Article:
Project Title: A cosmogenic-nuclide approach to quantifying the drivers of rocky coastline erosion under changing climate and sea-level conditions.
Researcher: Gergor Rink
The Irish coastline is in constant state of dynamic fluctuation, with clear implications for natural environments, human populations, and infrastructure. This project will investigate changes in the erosion of rocky coastlines by applying cosmogenic beryllium-10 as a geochemical marker for erosion rates. We will then compare these erosion records to climate and sea-level records to assess the potential contributions of climate change and sea-level conditions to the stability of the Irish coast. Additionally, we will simulate possible effects of climate and sea-level changes on the potential future evolution of Ireland’s coastline.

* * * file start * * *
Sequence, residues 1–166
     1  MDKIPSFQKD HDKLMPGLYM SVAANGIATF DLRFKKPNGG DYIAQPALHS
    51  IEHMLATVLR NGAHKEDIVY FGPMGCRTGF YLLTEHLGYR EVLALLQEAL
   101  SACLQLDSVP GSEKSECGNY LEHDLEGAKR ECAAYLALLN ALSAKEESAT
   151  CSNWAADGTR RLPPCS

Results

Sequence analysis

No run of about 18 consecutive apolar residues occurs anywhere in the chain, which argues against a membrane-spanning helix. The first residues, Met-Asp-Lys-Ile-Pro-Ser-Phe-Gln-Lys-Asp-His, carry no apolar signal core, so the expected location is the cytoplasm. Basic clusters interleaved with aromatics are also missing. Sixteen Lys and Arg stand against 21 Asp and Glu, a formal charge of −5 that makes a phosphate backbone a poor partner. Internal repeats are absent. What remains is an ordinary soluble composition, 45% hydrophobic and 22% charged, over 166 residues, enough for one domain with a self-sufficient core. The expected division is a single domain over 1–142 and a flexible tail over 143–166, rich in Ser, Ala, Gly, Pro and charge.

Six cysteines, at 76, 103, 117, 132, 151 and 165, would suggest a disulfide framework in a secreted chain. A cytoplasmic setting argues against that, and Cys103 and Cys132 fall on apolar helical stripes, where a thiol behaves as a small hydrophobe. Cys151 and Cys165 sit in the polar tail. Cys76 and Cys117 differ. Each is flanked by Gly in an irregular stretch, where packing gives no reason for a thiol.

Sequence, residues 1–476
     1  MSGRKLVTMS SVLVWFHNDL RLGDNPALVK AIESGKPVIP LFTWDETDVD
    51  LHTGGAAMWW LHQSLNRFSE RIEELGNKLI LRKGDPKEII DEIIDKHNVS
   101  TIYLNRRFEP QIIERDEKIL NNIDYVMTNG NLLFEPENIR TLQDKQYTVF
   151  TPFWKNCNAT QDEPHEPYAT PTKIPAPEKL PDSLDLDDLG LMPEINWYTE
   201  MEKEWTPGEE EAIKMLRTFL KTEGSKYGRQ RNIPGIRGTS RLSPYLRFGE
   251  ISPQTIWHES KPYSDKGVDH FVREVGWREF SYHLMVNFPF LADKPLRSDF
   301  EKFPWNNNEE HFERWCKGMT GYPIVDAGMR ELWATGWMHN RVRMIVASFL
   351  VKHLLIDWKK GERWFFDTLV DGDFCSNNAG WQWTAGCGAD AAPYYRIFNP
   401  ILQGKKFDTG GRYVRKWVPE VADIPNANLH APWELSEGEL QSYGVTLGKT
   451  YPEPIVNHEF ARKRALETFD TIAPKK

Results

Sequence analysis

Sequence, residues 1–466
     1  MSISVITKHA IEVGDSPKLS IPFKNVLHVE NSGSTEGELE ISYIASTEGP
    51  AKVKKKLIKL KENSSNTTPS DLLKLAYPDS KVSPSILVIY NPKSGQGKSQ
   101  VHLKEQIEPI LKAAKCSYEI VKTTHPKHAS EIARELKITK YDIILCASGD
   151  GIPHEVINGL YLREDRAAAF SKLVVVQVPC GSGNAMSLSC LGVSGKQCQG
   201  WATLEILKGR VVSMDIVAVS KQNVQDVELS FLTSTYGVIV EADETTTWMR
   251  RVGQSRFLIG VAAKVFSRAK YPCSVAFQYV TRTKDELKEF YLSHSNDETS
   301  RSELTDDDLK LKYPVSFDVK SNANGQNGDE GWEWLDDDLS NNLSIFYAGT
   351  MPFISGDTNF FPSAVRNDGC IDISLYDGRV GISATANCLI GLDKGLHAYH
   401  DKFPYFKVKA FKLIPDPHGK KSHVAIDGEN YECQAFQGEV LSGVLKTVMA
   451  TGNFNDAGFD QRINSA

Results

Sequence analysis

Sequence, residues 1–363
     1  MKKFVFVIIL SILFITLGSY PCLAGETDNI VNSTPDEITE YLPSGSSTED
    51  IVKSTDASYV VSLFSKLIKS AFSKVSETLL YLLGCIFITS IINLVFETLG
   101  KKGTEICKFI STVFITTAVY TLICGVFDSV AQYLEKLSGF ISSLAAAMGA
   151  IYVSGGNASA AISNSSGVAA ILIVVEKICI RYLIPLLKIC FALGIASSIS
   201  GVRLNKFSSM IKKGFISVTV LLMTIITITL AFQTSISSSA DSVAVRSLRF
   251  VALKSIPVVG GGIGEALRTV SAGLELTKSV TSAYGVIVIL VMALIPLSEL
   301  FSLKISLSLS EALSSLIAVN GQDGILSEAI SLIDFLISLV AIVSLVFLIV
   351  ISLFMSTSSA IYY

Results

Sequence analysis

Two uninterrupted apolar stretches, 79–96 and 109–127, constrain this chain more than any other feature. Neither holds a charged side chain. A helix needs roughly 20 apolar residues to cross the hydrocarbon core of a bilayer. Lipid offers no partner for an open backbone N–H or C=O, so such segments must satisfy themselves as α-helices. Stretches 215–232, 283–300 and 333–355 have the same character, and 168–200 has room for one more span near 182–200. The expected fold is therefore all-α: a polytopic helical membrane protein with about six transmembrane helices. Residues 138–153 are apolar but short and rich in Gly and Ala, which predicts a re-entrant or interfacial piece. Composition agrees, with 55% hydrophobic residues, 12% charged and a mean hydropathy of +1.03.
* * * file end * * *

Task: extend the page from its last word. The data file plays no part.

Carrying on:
This project will use cosmogenic beryllium-10 geochronology to investigate long-term erosion rates of Ireland’s rocky coastlines and identify the drivers of coastal change. A rising sea level and erosion of shorelines and cliffs are potential geohazards for coastal areas. Under rapidly changing environmental conditions, the impetus for this research is quantifying the vulnerability of our coastlines to shifting meteorological and sea-level conditions. Bedrock samples will be collected from transects along shore platforms at locations within the tidal zone, and concentrations of Be-10 measured via accelerator mass-spectrometry. Subsequently, we will use numerical modelling to simulate plausible effects of changing climatic parameters and sea-level conditions on erosion. The aim of these simulations is to obtain information about the potential future evolution of Ireland’s coastline under anthropogenic climate warming and to establish the contribution of those parameters to coastal vulnerability.